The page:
Increased arteriovenous carboxyhemoglobin differences in patients with inflammatory pulmonary diseases

Hiroyasu Yasuda, Takahiko Sasaki, Mutsuo Yamaya, Satoru Ebihara, Masahiro Maruyama, Akio Kanda, Hidetada Sasaki

Research output: Contribution to journalArticlepeer-review

24 Citations (Scopus)

Abstract

Purpose: Exhaled carbon monoxide and arterial blood carboxyhemoglobin concentrations increase in inflammatory pulmonary diseases. The present study was undertaken to elucidate whether arteriovenous carboxyhemoglobin (a-vHb-CO) concentration differences are also useful to define the site of inflammation, either in the lung or organs other than the lung. Materials and methods: We examined concentrations of carboxyhemoglobin in both arterial and peripheral venous blood and exhaled carbon monoxide in patients with acute pulmonary inflammation including bronchial asthma (n = 18) and pneumonia (n = 33), and those in patients with extrapulmonary inflammatory diseases, including acute pyelonephritis (n = 28) and active rheumatoid arthritis (n = 16). Results: The values of carboxyhemoglobin in both arterial and peripheral venous blood were significantly higher in patients with pulmonary and extrapulmonary inflammation compared with those in control subjects (n = 22). Furthermore, a-vHb-CO differences in patients with inflammatory pulmonary diseases were higher than those in patients with acute pyelonephritis and patients with rheumatoid arthritis, and than those in control subjects. The a-vHb-CO differences correlated with the WBC count of peripheral venous blood in patients with pneumonia. In patients with bronchial asthma, the a-vHb-CO differences inversely correlated with FEV1, although they did not correlate with WBC count of peripheral venous blood. The a-vHb-CO differences in patients with acute pyelonephritis were higher than those in patients with active rheumatoid arthritis. Conclusion: The present study suggests that a-vHb-CO differences may be a useful means to define the site of inflammation, either in the lung or organs other than the lung, in patients with a fever of unknown origin. The large a-vHb-CO differences may be caused by carbon monoxide production in pulmonary inflammation.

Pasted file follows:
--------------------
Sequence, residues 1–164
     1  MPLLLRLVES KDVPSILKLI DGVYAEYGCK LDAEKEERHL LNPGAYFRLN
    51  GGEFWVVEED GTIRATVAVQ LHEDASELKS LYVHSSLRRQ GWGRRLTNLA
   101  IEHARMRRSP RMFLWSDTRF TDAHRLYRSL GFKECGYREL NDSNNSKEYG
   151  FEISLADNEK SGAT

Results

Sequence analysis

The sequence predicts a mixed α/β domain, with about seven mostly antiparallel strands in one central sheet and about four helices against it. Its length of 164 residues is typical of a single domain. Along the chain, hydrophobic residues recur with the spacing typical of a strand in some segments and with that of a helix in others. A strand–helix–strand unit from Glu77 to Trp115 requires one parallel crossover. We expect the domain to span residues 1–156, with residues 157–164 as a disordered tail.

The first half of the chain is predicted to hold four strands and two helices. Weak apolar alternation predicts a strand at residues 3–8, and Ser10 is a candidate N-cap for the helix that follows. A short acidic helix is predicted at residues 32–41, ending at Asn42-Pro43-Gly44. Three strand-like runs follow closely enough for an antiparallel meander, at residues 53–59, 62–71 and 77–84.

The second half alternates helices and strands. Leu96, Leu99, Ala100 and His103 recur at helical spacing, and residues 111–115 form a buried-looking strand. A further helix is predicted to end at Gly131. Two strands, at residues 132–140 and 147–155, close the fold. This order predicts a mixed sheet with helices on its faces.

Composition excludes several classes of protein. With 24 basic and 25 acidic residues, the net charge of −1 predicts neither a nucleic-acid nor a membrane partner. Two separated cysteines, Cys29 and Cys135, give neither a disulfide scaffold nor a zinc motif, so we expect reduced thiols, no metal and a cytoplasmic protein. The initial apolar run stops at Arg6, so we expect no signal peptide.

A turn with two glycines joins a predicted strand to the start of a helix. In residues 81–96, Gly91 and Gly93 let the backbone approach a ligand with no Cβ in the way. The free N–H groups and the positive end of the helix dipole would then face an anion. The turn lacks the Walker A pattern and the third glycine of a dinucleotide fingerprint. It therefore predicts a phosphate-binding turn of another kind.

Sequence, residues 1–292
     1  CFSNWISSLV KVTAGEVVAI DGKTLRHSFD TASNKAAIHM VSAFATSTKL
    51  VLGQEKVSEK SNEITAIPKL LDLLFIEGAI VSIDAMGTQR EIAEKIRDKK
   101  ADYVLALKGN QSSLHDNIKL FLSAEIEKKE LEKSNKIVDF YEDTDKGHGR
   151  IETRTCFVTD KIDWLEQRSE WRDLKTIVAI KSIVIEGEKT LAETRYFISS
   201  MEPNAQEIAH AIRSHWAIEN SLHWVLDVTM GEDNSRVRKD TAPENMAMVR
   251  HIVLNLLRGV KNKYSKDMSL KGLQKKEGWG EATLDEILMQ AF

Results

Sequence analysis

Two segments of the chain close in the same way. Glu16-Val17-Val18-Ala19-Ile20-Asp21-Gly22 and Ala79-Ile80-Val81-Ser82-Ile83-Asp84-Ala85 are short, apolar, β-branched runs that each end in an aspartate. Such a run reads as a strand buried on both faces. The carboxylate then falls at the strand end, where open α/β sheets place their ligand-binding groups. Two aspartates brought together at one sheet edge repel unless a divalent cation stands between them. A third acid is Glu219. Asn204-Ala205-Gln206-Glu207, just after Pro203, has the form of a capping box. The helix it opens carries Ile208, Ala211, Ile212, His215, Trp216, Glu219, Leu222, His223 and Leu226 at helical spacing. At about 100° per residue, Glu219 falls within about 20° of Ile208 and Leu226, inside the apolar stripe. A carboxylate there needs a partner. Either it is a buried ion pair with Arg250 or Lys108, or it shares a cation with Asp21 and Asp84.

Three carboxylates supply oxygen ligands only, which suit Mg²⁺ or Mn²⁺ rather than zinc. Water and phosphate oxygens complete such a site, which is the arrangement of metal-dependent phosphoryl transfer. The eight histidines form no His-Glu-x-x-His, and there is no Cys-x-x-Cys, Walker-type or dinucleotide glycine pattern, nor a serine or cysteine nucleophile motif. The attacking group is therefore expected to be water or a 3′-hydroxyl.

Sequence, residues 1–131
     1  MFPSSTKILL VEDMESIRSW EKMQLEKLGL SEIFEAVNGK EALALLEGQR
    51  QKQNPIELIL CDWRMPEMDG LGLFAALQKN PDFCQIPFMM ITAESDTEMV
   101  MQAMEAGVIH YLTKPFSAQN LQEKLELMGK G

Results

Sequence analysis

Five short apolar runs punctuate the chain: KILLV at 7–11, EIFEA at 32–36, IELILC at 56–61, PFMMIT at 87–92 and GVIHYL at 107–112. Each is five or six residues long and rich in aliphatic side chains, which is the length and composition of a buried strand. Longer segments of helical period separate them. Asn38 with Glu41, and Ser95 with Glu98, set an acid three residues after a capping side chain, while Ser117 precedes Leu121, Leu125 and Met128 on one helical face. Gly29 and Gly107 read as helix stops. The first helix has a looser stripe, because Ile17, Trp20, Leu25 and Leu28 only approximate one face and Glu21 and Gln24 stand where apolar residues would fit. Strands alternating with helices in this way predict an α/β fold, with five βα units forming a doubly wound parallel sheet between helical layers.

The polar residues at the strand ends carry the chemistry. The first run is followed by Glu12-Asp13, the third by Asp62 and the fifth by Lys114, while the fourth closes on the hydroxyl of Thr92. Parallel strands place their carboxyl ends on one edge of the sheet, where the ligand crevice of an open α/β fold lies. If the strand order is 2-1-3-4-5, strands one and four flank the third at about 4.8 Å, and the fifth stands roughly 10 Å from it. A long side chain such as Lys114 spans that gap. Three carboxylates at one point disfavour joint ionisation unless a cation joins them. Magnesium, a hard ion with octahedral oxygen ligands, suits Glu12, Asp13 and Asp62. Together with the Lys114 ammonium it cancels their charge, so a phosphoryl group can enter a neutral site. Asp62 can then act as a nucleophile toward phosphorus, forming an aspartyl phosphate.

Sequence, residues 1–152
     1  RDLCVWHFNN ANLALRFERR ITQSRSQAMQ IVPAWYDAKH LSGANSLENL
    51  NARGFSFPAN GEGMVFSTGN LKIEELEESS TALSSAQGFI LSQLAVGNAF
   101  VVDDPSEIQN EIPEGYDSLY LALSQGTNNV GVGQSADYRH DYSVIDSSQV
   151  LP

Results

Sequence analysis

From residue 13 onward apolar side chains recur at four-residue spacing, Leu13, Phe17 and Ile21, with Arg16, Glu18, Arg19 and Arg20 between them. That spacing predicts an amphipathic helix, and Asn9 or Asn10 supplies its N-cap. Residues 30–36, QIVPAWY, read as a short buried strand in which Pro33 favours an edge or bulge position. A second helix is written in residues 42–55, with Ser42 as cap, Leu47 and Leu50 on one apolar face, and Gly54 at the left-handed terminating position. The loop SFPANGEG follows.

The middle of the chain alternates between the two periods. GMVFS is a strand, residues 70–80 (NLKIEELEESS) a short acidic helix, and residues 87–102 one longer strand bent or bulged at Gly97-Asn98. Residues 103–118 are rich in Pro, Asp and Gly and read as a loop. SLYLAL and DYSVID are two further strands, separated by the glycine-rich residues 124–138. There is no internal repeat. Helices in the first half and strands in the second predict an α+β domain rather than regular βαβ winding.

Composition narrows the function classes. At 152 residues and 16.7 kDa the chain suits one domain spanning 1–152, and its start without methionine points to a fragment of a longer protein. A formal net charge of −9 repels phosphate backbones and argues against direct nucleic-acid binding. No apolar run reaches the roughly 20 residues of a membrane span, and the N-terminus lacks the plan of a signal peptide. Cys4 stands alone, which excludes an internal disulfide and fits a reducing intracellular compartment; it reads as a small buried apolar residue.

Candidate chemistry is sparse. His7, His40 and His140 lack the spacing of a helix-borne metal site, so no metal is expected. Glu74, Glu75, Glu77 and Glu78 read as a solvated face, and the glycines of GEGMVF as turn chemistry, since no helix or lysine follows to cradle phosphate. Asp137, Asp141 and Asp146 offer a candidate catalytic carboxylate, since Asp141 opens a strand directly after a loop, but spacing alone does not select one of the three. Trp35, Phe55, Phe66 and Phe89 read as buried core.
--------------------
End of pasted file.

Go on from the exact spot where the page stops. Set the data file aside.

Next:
Original languageEnglish
Pages (from-to)2160-2168
Number of pages9
JournalChest
Volume125
Issue number6
DOIs
Publication statusPublished - 2004 Jun
Externally publishedYes

Keywords

  • Carboxyhemoglobin
  • Heme oxygenase
  • Inflammatory pulmonary disease

ASJC Scopus subject areas

  • Pulmonary and Respiratory Medicine
  • Critical Care and Intensive Care Medicine
  • Cardiology and Cardiovascular Medicine

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